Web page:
The first time many rock fans heard about the concept of a prog rock cruise, their initial reaction might have been one of distaste: “Really? That’s what it’s come to, then? Trapped on a ship with other music nerds to listen to aging bands that can’t get gigs anywhere else and are irrelevant?” But in actuality, progressive rock cruises have proven the skeptics wrong. Six prog cruises, hundreds of bands and thousands of fans later, the verdict is in: this form of floating music festival is tremendously popular among fans and musicians alike and is getting more successful with each expedition. The fifth edition of Cruise to the Edge just returned from a sold out cruise in February 2018 and is already slated for next year with fans chomping at the bit to book once again.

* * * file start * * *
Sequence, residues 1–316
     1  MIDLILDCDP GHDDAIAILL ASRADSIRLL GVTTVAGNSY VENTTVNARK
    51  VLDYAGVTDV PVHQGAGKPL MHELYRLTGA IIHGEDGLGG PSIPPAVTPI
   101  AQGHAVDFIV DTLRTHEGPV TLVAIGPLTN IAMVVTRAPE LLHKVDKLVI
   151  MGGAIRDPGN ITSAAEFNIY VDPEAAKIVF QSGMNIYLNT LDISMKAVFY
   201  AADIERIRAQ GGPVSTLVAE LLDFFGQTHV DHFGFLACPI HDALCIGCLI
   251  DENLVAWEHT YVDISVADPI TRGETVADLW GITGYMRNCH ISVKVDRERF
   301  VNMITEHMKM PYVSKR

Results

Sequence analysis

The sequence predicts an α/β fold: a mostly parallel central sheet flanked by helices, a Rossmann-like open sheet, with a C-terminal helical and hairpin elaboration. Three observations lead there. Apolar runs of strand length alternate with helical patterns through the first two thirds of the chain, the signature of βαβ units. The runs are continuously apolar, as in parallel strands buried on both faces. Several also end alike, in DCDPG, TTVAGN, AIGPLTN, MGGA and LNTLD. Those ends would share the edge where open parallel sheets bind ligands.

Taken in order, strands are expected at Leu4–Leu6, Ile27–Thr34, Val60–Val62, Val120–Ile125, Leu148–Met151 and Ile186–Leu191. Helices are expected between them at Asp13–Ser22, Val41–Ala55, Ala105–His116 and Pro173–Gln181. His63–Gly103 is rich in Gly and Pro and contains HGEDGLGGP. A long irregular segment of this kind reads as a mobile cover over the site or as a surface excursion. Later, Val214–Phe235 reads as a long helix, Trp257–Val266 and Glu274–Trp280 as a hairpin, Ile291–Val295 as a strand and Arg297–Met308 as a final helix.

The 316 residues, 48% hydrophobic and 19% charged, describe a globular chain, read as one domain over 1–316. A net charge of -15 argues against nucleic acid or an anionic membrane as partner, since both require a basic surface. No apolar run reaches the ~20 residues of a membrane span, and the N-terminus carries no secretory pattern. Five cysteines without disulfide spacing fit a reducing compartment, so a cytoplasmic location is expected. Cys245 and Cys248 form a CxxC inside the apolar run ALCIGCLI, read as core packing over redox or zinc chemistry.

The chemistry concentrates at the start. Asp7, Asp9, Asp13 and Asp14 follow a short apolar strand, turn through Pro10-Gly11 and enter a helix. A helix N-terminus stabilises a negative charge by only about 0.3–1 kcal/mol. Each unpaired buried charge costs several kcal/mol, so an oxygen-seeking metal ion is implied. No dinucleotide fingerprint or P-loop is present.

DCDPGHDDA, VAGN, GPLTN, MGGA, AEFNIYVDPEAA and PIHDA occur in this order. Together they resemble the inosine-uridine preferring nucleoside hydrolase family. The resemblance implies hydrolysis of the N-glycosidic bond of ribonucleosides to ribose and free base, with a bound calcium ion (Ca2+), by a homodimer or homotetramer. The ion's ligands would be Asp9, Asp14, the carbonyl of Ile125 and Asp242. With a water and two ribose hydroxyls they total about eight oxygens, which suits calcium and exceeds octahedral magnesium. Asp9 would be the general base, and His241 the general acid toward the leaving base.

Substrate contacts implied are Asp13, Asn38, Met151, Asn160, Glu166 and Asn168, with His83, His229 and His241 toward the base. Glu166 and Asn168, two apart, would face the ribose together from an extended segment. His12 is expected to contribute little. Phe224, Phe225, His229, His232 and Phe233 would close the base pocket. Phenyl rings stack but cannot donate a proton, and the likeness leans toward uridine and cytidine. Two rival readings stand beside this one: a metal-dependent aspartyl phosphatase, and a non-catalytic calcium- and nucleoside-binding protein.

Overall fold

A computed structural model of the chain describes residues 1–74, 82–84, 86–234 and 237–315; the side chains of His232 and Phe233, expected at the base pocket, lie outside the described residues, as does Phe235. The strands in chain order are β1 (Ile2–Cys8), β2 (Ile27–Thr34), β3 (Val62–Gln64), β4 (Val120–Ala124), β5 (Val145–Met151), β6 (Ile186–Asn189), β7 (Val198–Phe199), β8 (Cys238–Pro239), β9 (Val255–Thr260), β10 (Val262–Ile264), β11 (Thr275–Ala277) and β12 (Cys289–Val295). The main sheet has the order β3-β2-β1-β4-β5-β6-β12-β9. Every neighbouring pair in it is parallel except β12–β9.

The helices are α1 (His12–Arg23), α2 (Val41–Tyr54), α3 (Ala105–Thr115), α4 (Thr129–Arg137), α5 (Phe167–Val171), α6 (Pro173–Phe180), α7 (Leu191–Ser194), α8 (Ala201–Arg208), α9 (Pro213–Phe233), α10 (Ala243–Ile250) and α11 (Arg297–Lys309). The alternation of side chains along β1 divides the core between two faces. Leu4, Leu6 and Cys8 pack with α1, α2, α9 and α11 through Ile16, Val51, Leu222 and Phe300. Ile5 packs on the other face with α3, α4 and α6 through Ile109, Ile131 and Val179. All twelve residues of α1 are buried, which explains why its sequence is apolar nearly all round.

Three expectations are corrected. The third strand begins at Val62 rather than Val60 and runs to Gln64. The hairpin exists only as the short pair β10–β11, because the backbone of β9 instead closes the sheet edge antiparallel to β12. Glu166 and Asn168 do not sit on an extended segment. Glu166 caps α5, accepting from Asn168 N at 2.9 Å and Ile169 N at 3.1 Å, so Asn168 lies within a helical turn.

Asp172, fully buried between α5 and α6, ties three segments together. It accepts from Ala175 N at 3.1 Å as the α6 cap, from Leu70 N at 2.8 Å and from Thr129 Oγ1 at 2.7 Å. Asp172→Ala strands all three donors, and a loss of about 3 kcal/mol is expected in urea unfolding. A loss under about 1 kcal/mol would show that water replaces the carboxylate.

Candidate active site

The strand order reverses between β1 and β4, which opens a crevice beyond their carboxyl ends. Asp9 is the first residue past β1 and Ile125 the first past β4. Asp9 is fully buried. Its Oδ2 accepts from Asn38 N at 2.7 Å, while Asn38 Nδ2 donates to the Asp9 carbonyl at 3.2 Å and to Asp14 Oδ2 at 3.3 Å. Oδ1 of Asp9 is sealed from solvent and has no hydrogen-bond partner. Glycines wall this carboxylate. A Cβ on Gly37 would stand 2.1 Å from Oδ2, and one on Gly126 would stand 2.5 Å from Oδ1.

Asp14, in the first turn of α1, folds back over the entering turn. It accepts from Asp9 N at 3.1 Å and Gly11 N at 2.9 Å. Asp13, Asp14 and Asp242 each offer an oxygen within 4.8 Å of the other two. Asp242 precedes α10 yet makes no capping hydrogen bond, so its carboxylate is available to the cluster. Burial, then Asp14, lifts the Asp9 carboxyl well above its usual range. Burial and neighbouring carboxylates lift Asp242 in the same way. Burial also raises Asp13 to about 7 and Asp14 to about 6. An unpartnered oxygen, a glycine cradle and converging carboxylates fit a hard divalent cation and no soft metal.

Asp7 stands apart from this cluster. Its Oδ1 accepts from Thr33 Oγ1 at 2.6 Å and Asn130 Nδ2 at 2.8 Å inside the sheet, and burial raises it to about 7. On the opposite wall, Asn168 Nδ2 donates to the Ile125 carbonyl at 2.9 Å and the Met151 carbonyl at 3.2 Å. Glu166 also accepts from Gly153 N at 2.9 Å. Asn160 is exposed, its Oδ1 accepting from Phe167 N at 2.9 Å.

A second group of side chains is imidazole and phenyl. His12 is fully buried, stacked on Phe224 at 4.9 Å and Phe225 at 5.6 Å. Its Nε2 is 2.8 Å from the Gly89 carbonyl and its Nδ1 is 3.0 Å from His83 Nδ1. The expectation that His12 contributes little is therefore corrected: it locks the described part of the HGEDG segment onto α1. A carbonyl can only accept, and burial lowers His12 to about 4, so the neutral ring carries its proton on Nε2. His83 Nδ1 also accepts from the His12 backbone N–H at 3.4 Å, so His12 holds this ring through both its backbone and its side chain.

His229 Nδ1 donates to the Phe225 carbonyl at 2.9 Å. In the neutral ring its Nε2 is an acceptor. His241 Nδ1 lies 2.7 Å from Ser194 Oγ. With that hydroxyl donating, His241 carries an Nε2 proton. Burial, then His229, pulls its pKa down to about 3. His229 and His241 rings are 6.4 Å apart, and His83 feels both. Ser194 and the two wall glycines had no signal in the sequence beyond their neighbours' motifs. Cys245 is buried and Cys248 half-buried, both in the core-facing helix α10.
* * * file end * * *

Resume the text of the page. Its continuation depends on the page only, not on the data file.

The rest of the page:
One of the brilliant aspects of these cruises is that they combine the top bands/musicians from prog’s Golden Era (Yes, Genesis, King Crimson, ELP, Jethro Tull, Kansas, etc…) alongside of the “younger” generation prog bands from the 80’s/90’s/00’s who are equally or more exciting than their predecessors (Marillion, Anathema, Neal Morse Band, IO Earth, Spock’s Beard, Haken, Dave Kerzner, etc…), and occasionally even debut brand new live projects like this year’s Sons of Apollo or the Eric Gillette band. In addition to concerts on multiple stages, there are ongoing Q&A sessions and official “photo experiences” with most of the bands, special art exhibits and contests, even a Late Night Live professional stage where passengers sign up to play prog classics themselves…often witnessed (or joined) by the headline artists who love to see the talent that their inspiration has bred. Throw in a couple of ports of call in exotic locations (this year was Belize and Costa Maya) and you have one heck of a dream vacation that can only be described with one appropriate word: epic.